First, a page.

RENEE MONTAGNE, host:
On this Labor Day, the traditional end of summer, we're going to take you on a trip to the Santa Monica Pier. Its Ferris Wheel hovering over the ocean is the vision one has as Route 66 ends and the California coast comes into view. This week, the Pier is celebrating its 100th birthday. Stroll down and you'll find much unchanged from its earliest day. It still abounds in characters, kids are having too much fun to stop and talk, fishermen are throwing up their lines, and there are tourists from around the world.
Mr. PAUL SPARKS: I just came along to see what Santa Monica was like. I used to live in Brighton in England, where there's a very famous old pier. So I'm kind always quite drawn to piers, just feel some urge to walk along to the end of them rather like mountains that you feel you ought to get to the top of.
MONTAGNE: We found Paul Sparks taking in the scene around him on the wooden planks of the pier.
Mr. SPARKS: It's quite similar to British ones actually. I mean it's got most of the same ingredients a little fun fair and a lot of kiosks. I have found there is a gypsy fortune teller yet, but there probably is one somewhere.
MONTAGNE: In fact there is. A most life like fortune teller inside an old-fashioned glass case holding in her hands a glowing crystal ball, offering to predict your future life if you just drop in a quarter.
(Soundbite of noise)
MONTAGNE: Of the many choices, I can be an actress, heiress, seamstress, rag picker, nudist or rich widow. Okay, here it goes.
(Soundbite of music)
MONTAGNE: Rich widow. Gee, I just missed being a nudist.
MONTAGNE: These fortune tellers sits inside the old Hippodrome, which contains the carousel, the pride of the pier, hand-painted wooden horses have been spinning around since 1916 and still have a magical power over the children who dash in to ride them.
You're waiting to ride the carousel. Are you going to spot the perfect horse?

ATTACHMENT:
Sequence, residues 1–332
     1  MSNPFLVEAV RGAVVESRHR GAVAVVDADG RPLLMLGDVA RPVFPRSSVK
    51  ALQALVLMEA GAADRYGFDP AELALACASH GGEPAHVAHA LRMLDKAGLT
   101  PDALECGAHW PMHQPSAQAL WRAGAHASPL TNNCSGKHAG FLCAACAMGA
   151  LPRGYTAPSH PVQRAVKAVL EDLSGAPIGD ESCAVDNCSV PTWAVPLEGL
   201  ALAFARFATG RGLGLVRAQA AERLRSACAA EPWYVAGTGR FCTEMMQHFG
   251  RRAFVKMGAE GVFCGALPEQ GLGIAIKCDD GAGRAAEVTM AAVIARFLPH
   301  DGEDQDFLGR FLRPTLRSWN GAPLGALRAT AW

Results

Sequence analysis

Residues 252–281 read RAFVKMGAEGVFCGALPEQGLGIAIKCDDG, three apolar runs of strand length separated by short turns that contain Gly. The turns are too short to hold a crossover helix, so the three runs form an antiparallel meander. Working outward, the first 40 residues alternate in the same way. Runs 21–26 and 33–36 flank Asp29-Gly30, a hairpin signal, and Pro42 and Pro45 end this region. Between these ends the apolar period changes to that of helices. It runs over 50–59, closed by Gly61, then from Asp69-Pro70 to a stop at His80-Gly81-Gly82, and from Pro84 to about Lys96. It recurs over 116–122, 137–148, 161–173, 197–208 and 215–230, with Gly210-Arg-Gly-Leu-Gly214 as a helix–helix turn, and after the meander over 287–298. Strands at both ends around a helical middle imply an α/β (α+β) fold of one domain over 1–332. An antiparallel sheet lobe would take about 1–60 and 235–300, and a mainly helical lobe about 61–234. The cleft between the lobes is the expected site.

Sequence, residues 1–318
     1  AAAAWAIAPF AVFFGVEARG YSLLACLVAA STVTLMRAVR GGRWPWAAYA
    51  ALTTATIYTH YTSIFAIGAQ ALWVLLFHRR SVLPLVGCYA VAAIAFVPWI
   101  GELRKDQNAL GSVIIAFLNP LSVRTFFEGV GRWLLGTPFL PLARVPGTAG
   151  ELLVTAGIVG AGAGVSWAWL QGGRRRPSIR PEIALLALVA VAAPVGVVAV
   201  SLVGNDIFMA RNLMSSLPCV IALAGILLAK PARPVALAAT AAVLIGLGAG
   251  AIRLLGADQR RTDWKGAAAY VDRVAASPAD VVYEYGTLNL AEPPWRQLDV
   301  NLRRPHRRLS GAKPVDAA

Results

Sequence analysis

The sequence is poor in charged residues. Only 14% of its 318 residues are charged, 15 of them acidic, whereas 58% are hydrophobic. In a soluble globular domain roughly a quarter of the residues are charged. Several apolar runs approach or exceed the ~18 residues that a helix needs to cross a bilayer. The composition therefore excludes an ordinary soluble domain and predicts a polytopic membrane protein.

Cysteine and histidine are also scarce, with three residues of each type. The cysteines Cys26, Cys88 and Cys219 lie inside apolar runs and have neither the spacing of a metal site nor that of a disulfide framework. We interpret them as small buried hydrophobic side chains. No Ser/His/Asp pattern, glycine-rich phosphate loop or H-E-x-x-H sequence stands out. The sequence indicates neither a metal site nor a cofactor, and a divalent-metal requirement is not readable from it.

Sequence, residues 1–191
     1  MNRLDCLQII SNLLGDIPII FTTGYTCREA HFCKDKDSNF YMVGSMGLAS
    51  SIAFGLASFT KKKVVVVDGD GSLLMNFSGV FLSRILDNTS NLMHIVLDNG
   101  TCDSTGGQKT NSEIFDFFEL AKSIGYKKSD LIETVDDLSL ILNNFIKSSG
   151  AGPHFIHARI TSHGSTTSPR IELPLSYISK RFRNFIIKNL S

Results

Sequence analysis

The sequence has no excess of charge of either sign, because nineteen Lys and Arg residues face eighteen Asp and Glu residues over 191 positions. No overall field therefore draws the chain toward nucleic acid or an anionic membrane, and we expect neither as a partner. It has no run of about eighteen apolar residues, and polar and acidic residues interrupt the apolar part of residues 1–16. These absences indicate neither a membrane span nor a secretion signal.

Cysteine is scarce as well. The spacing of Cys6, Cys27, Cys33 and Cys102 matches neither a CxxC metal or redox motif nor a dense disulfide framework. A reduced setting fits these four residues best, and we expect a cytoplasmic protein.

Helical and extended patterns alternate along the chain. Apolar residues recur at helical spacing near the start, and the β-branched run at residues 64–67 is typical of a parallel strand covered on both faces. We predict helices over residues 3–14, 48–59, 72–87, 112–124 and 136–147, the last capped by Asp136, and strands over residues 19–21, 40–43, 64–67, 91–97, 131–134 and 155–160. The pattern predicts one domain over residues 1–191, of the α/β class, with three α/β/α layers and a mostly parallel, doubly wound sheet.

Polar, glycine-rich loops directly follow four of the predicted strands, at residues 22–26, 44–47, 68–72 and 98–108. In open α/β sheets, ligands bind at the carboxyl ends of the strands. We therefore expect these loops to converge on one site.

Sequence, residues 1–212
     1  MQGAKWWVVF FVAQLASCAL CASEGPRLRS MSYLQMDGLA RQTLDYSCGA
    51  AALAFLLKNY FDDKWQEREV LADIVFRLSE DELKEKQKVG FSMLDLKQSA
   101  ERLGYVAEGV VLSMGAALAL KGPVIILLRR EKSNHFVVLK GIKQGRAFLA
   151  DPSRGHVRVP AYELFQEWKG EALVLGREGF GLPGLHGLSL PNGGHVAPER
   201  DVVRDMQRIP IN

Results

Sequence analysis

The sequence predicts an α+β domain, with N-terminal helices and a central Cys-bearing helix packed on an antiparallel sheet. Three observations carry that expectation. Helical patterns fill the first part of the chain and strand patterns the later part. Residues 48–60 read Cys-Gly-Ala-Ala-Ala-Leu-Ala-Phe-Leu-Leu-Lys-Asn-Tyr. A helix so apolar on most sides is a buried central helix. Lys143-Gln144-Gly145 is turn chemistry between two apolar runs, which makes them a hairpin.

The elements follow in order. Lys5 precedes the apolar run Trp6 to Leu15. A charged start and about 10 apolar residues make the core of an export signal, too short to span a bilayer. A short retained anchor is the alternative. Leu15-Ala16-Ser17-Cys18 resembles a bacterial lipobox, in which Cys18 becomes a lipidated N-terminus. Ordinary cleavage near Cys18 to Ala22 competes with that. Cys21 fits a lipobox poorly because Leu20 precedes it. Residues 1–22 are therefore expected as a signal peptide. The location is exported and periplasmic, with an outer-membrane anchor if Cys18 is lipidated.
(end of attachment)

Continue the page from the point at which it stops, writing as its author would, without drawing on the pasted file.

Unidentified Child: Yeah.
MONTAGNE: Do you have any idea, from looking at them now, which one you like the best?
Unidentified Child: That one.
MONTAGNE: The white one with the kind of blue and green saddle, where that women - mother is with her little girl in her arm
Unidentified Child: Yeah, yeah, yeah, yeah
Unidentified Woman #2: Looks like she's getting it.
(Soundbite of laughter)
MONTAGNE: People actually used to live here in the Hippodrome, upstairs in apartments that encircle the carousel. These days they're offices and the pier's historian James Harris has one.
MONTAGNE: So, when you're working here, you really know you're on the pier though.
Mr. JAMES HARRIS (Historian; Author, Santa Monica Pier: A Century on the Last Great Pleasure Pier): Oh, yes. At 11 o'clock it starts, at 11 o'clock sharp everyday. Everyday except Tuesday, Tuesday it's closed for maintenance and we're trying to get as much done on Tuesday as we can.
(Soundbite of laughter)
MONTAGNE: James Harris is the perfect person for a guided tour. He's just written a history of the Santa Monica Pier, subtitled, A Century on the Last Great Pleasure Pier. Along the way, we pass the arcade where the teenagers hang out and the roller coaster
(Soundbite of roller coaster)
MONTAGNE: and arrived at the end where generations of local fishermen have been hoping for a big catch. There, Harris introduces us to a real old timer.
Mr. HARRIS We are at Santa Monica Pier Bait & Tackle shop, and the gentleman who owns and runs it has spent more time on the pier than anyone I know. He's
MONTAGNE: Before we can shake hands, he's called out to the end of the pier with his large net to help one lucky fisherman.
(Soundbite of clapping)
Mr. JOHN VOLASKI (Co-owner, Pier Bait & Tackle Shop): He just caught a Halibut.
MONTAGNE: John Volaski is co-owner of the Bait & Tackle shop, a tiny outpost with a ceiling papered in foreign currency from all the tourists who've passed through since he took over nearly 20 years ago.
(Soundbite of noise)